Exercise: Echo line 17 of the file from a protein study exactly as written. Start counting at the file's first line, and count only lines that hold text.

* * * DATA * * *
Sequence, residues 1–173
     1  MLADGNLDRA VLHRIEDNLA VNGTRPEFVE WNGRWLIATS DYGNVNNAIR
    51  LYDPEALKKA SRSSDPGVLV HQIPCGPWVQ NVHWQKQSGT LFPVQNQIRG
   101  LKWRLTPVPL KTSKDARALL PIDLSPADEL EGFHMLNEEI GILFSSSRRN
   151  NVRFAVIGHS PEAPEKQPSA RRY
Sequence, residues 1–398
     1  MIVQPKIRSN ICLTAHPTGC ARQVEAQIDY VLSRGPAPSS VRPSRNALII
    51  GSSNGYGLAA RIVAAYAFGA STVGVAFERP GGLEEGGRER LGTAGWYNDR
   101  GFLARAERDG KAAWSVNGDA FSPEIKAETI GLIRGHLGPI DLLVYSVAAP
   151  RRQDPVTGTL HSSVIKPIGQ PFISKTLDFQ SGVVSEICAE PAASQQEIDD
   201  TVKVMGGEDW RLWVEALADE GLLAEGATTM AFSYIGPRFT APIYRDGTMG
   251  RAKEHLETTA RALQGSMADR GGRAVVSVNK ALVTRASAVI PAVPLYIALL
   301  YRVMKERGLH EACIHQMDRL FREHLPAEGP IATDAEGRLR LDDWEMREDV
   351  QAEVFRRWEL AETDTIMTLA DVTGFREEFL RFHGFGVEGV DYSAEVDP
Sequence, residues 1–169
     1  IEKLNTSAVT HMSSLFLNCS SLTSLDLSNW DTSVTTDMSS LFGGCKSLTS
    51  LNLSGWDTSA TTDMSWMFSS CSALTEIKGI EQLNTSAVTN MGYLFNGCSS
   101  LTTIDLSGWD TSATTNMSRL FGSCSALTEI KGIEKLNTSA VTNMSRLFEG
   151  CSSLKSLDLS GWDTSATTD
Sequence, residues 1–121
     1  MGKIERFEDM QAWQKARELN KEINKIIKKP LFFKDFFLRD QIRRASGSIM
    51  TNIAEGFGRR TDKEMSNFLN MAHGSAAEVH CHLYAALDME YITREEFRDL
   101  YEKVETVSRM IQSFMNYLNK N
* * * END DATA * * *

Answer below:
    51  LNLSGWDTSA TTDMSWMFSS CSALTEIKGI EQLNTSAVTN MGYLFNGCSS